or is their a formula for when you must triple the boxed out
areas support?

As you can see I don't know what I am talking about too much here
and am trying to help my son get this done correctly and make
sure the stair guy really knows what he is doing. That's why
these questions are not very professionally worded. Thanks for
your indulgence.

Hi Joel,

I happened to be on the computer last night doing a custom plan. Answering your question gave me a break from the plan.

Thanks for your nice comments and spreading the word about our site. Your stairs drawing looks good, also the drawing of the joists going 90 degrees to the stringers, that's all useful stuff. I notice the riser says 7 3/8 to 7 1/2. The riser is 7 7/16. You are allowed only 1/4" max. variation between risers if the stars are inspected. I actually had 1 inspector take his tape and measure each riser as he went up the stairs. With 15 risers, if each is 1/32" out that's a total rise of almost 1/2" out. So be careful laying out the stringer.

Yes, there are times when you need to triple up beams or even 5 layers, depending on what the beam is holding up - more than one floor and roof, etc. Then there are the engineered beams for longer spans.

The doubled up joist in my other email can be considered a beam even though it is flush in the floor. In fact it is called a flush beam.

Your stair calculator input for thickness of the floor was incorrect. The thickness of floor refers to the parts making up the floor, so the joist, the ceiling finish, the floor finish. It really is the difference between the ceiling height and the total rise. So if your joists are 2x10 add 9 1/4" and the floor has 5/8 subfloor with 3/4 hardwood, plus 1/2" drywall on the ceiling the floor thickness would be: 11 1/8". If this is plugged into the stair calc. this is the result:

Stair Measurements from Dave's Easy Stair Calculator at
Total Rise entered: 111.5 inches
Floor Thickness entered: 11.125 inches
Head Room entered: 80 inches
Number of rises: 15 rises
Number of runs: 14 runs
Height of each rise: 7 7/16 inches
Length of each run: 10 1/2 inches
Total Run: 147 inches (12'-3")
Length of board needed for the stringer: 16 feet
Length of opening in upper floor: 136 1/2 inches (11'-4 1/2")

The 10 1/2" run is what I put in, without the nosing. With the nosing the tread is 11 1/2 with a 1" nosing.

For an 11' opening across the joists, you need to reinforce this with posts and a beam or a solid wall, alright. I need some more info before I can advise you on this. I need to know the total span of the floor joists. How far the beam or wall is from the edge of the opening and if there is a bearing wall over this beam or close to it that supports the roof. The size of the floor joist, as well.

Maybe pictures of the area around the stairs showing walls, etc. If this is being inspected the inspector will tell you what you need, anyway.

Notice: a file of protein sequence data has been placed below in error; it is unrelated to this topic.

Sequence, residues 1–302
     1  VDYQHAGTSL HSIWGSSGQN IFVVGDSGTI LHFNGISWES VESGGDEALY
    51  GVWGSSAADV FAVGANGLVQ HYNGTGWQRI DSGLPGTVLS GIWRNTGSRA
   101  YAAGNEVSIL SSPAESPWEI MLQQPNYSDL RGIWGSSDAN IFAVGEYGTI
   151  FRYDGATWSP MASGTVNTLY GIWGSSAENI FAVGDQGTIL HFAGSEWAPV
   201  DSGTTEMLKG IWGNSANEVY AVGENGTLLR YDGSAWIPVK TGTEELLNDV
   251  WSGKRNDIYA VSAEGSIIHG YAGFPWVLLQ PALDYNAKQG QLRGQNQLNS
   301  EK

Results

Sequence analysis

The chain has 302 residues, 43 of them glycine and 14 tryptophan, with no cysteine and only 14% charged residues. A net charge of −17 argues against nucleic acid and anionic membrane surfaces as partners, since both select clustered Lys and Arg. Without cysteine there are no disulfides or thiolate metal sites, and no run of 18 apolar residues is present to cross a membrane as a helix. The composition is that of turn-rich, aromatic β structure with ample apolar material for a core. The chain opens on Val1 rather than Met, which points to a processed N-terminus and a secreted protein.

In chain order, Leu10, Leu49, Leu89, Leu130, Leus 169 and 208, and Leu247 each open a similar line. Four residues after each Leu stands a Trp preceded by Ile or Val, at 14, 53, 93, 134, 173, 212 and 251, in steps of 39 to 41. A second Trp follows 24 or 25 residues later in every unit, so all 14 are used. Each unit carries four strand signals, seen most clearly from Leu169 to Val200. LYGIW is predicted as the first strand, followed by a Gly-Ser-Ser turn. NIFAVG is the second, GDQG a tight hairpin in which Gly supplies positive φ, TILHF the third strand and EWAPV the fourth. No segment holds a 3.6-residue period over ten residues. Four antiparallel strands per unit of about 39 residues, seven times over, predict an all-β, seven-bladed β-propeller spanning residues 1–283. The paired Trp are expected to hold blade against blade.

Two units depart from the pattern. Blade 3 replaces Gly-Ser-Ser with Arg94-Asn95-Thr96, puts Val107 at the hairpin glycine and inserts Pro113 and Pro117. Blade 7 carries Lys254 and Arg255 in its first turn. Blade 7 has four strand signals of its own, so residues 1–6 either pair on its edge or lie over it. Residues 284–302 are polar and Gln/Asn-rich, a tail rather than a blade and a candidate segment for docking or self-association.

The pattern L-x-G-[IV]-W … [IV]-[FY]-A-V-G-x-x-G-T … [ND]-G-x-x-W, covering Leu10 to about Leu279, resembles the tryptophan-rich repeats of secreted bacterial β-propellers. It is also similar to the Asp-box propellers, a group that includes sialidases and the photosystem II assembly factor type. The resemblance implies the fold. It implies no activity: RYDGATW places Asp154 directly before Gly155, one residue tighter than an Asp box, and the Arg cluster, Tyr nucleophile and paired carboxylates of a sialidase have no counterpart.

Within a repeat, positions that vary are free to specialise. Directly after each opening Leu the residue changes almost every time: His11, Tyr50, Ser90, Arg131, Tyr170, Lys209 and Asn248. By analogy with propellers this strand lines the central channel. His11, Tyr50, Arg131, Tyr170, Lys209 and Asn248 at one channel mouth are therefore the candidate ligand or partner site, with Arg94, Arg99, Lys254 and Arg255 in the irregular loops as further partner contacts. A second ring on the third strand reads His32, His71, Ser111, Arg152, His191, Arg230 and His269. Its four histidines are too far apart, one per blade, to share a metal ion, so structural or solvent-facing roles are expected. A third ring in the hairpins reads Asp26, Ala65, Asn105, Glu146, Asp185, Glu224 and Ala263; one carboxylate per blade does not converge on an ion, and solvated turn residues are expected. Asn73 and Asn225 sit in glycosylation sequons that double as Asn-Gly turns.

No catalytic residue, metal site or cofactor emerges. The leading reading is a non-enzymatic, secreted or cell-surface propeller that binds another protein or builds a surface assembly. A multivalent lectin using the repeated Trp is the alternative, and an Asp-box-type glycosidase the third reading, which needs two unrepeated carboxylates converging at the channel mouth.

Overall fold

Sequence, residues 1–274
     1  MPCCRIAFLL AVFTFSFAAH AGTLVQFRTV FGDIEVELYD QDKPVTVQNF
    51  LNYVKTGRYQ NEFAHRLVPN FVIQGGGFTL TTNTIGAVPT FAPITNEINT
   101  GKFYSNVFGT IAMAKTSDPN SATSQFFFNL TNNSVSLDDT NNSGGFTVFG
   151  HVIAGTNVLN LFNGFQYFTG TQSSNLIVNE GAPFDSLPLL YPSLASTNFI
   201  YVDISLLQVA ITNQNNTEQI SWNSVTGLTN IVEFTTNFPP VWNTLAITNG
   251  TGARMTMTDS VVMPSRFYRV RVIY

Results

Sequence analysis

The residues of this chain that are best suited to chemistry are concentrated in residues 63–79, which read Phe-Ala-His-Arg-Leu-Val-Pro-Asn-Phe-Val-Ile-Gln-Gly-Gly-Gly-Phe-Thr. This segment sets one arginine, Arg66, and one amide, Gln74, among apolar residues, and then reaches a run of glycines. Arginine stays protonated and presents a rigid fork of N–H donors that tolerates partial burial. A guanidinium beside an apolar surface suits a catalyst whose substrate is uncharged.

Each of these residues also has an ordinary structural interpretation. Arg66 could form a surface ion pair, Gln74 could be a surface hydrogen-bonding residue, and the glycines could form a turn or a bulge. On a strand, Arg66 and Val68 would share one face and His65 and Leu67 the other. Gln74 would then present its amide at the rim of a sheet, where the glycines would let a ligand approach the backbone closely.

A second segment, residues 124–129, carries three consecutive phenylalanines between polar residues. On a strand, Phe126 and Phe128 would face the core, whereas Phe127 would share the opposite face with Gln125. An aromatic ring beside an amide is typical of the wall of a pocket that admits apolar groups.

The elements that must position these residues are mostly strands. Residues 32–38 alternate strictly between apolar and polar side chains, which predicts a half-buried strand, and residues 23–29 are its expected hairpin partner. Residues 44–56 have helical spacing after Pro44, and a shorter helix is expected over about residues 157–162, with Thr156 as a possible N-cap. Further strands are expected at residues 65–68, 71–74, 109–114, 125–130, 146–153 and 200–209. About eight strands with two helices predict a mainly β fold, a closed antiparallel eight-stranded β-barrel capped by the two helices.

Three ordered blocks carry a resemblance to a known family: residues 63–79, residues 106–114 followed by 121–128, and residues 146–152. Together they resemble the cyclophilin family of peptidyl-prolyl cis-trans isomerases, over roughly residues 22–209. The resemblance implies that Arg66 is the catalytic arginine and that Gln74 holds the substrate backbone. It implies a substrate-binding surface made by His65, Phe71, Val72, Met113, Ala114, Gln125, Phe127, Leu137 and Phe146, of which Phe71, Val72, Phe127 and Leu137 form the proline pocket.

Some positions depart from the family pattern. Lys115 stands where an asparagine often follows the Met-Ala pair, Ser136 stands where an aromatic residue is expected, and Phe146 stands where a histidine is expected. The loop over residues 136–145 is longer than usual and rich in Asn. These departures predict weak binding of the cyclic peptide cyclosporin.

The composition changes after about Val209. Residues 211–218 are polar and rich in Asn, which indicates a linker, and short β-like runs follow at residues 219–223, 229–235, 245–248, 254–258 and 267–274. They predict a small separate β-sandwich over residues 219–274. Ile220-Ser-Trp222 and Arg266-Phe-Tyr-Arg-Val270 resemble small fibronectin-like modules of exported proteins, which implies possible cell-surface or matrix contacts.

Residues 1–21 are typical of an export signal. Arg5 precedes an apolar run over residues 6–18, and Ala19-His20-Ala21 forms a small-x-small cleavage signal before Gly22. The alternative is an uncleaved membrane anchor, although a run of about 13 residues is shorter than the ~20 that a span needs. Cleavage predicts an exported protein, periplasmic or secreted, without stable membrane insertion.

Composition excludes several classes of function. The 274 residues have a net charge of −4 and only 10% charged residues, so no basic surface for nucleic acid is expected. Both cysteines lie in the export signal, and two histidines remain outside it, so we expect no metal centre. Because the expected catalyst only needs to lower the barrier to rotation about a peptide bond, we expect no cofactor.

Hope this is clearer than mud!!


Hi Dave

Its me again Joel
Is there a simpler way to calculate a header - below is an article I read:

I have 9 2x8's that are being cut as I mentioned in my previous email but
one side is supported on a load bearing wall but I have almost 16 feet of
span to the end of the roof.

Calculating header size is complicated. You have to take into account:

  1. the length of the window or door opening;
  2. the combined weight of the floors, walls and roofs above;
  3. the building width;
  4. the snow load in the area;
  5. whether it's a bearing wall (where joists, trusses and rafters rest) or a non-bearing wall (to which joists, trusses and rafters run parallel);
  6. whether it's an exterior or interior bearing wall; and
  7. what species of wood you're working with.

The 2000 International Building Code book contains two full pages of mind-numbing charts for calculating proper header sizes in different situations. Fig. B shows the maximum allowable spans for different size headers in just one situation. As you'd expect, the deeper the header, the longer the distance it can span. But trust me, you don't want to wade into all the technicalities. There's no simple formula. My advice is this:

Have an engineer or architect calculate the required header size for your window and door openings.

Ask your local building code official to help you calculate header size. It's usually not in their job description, but the nice ones will help you out.

When in doubt, build a double 2x12 header sandwich like we explain next. In all but the most bizarre situations, they'll easily carry the weight for 4-ft. wide window and door openings and, in most situations, be code compliant for openings up to 6 ft. wide—a common patio door width.


Double 2x6    4 ft., 0 in.          One
Double 2x8    5 ft., 0 in.          Two
Double 2x10   6 ft., 2 in.          Two
Double 2x12   7 ft., 1 in.          Two

what is a trimmer?

Hi Joel,

You are getting way ahead of yourself by worrying about all the headers in the construction industry. All you need to worry about is the size of header you need for your stair opening. This is not an exterior wall so you don't need to worry about snow loads, etc.

Like I said in my previous email:

For an 11' opening across the joists, you need to reinforce this with posts and a beam or a solid wall, alright. I need some more info before I can advise you on this. I need to know the total span of the floor joists. How far the beam or wall is from the edge of the opening and if there is a bearing wall over this beam or close to it that supports the roof. The size of the floor joist, as well. Maybe pictures of the area around the stairs showing walls, etc.

The article is correct in saying you use the tables to get your header size, but they are not that hard to figure out if you are accustomed to them. I've been using these tables for years. When we build a house we know the size of headers we need for most of the circumstances, in our area. My span book has 175 pages of metric then another 175 of imperial. I only need one page at a time with the correct info.